I’ve even had mixed experiences from the great ’90 vintage, with some top-level reds oxidized. The best ’90 I’ve tasted so far was a wonderful Volnay Santenots du Mileu from Lafon – a truly delectable bottle. Older Burgundy years that have made a deep impression include ‘85 – just getting into its stride – ‘78, ‘72, ’69, ‘64, ‘62 (some gorgeous examples from Domaine Leroy), ‘57, and ‘52. Regarding the latter pair, l’ve noticed that years that are “hard” in the Médoc often give excellent results in Burgundy. This was certainly the case with those two vintages from the 1950s. (The hot ‘75 was an exception – some Burgundy estates didn’t even bother to bottle their ‘75s).

 

The greatest red Burgundy I’ve ever tasted was a 1928 Chambertin from Louis Latour. lt was as close to perfection as one could hope for. Noël Latour, our host, burst out laughing as my travelling companion, Mike, patted the bottle gratefully. Close behind this fabulous wine were a ‘69 Clos Saint Jacques from Rousseau, a ‘69 Chambertin from Trapet, a ‘71 La Tache from DRC, and a Chambertin ’62 and ‘64 from Domaine Leroy. One of the oldest Burgundies I’ve ever drunk was opened for me by Charles Rousseau of Domaine Armand Rousseau. “I don’t know the vintage, except that it was bottled during the first world war,” he told me. “My father was in the army so my mother bottled it and forgot to put the vintage on the label!” The colour was very brown but still glowed. While clearly past its best, it was still enjoyable. The Chambertin character was unmistakeable.

 

In more recent times two Iittle-discussed vintages have given me a lot of pleasure, 1991 and 1993, especially the former, which seems to have a little more depth and structure. One particularly fine example was:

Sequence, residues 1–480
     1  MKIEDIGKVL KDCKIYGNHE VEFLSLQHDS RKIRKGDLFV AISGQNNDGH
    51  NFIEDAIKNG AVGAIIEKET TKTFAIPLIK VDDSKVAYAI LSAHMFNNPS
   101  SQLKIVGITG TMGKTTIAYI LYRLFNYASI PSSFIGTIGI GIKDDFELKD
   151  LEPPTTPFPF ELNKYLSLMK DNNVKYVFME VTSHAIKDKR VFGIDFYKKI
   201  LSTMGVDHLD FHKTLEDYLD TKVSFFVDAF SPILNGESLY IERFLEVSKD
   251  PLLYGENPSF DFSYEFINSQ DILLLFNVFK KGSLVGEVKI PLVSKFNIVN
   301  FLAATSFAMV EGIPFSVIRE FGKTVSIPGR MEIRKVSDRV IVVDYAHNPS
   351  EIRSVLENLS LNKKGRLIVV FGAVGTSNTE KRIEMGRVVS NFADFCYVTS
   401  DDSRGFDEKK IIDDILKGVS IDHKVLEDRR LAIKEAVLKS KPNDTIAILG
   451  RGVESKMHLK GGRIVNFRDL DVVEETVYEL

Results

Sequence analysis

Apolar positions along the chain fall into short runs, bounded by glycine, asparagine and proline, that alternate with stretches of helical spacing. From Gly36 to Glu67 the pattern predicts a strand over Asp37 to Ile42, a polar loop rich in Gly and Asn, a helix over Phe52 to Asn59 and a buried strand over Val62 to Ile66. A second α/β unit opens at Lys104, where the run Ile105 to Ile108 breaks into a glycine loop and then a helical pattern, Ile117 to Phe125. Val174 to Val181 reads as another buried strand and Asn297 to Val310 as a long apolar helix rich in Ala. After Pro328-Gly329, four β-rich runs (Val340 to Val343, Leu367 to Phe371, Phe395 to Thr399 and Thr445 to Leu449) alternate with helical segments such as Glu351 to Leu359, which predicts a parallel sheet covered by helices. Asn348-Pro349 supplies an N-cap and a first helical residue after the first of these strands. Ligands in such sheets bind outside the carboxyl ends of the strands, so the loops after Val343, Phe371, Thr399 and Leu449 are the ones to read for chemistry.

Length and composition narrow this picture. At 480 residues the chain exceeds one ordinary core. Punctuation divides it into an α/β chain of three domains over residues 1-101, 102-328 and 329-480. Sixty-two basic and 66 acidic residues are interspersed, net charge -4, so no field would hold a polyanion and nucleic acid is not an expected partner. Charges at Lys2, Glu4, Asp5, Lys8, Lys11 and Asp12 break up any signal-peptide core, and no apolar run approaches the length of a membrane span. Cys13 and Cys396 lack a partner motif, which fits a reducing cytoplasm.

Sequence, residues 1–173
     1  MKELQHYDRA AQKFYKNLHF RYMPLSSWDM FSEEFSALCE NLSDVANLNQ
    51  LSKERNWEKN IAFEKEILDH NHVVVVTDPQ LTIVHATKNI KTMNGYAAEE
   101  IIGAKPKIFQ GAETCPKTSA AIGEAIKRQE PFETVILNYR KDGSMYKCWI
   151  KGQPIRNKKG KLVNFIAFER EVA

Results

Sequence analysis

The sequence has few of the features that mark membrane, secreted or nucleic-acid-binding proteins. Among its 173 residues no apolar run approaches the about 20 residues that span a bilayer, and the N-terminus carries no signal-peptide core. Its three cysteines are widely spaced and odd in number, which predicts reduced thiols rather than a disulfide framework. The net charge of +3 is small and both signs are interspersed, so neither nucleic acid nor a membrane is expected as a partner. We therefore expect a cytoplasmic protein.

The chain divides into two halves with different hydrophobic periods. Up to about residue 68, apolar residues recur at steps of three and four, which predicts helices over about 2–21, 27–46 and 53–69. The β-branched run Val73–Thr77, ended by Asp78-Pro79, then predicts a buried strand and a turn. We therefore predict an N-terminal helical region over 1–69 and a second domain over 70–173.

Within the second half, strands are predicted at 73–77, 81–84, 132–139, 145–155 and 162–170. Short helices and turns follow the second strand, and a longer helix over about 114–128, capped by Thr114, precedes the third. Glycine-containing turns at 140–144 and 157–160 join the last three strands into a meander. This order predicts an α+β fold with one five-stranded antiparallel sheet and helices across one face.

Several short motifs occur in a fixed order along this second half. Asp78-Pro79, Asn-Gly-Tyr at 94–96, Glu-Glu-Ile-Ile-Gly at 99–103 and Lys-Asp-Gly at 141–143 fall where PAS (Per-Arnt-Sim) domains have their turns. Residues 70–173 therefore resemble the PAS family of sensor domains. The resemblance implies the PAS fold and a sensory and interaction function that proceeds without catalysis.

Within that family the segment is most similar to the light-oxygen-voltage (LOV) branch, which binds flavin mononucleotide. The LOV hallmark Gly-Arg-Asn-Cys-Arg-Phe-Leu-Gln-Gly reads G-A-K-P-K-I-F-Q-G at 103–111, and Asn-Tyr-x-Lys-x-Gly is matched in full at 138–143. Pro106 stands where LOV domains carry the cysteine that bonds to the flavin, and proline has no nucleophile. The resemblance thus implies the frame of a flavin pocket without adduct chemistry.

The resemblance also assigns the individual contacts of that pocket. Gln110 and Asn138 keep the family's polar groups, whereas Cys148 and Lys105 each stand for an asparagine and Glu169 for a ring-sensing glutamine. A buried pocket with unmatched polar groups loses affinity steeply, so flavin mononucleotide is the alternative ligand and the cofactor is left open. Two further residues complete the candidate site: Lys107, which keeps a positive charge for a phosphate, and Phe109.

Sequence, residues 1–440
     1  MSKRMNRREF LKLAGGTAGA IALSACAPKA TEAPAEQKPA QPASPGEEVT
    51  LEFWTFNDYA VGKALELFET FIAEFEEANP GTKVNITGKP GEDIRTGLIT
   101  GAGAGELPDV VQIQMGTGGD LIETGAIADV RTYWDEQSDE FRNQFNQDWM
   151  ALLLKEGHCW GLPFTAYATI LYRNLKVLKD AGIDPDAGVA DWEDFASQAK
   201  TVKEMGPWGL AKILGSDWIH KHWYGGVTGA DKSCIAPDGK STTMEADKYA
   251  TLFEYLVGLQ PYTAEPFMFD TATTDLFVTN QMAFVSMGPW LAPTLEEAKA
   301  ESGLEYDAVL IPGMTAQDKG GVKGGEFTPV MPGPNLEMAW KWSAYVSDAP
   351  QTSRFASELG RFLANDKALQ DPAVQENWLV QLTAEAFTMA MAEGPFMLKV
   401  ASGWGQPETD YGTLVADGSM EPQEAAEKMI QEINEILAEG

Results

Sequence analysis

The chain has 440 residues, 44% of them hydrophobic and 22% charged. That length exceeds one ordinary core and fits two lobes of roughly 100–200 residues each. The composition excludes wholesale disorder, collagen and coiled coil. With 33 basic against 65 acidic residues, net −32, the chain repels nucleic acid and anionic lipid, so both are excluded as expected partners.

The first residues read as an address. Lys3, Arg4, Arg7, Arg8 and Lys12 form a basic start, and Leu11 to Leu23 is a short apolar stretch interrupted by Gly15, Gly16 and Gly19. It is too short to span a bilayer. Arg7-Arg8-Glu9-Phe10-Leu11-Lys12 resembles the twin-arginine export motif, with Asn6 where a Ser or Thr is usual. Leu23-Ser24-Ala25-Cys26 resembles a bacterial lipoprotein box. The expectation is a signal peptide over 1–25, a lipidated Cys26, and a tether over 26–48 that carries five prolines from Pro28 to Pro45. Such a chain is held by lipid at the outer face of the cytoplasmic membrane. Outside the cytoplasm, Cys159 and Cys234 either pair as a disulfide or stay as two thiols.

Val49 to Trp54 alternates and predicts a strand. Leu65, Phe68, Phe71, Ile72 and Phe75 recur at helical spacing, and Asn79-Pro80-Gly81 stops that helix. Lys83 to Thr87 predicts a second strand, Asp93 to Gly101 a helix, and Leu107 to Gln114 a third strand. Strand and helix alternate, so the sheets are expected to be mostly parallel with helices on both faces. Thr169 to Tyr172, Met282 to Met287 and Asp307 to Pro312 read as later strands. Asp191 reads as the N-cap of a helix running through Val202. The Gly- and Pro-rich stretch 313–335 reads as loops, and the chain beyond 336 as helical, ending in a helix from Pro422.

1991 GEVREY CHAMBERTIN CLOS SAINT JACQUES (Domaine Armand Rousseau) ****( *)
The robe is a nuanced purple-crimson while the unique bouquet, which spreads like rays of the sun, evokes plum jam, raspberry, strawberry, and pomegranate. On the palate. tendrils of sub-flavour go off purposefully in all directions. Taut and harmonious, the wine has great volume but little weight, with an aftertaste that’s smooth, full of energy, and of phenomenal length. As with all great wines, you’re impelled to go back to the ever-expanding aroma, which is a revelation – broad, masterful, and intricate. A wine full of finesse, that rarest of qualities, with perfect tannins and a haunting suggestion of oriental spices.

 

1997 was a very “correct” vintage. Those wines I’ve tasted are generally well balanced but not immensely exciting. One exception :

 

1997 MUSIGNY VIEILLES VIGNES (Domaine Comte Georges de Vogüé) ****(*)
At 13 years, this looks about 8-9 years’ old. The aroma is round, full of nuances, and very refined, conjuring up red fruits, bilberry, peony, and clay. The silky flavour is long and very complex, with the exquisite Pinot Noir fruit underpinned by perfect ripe tannins.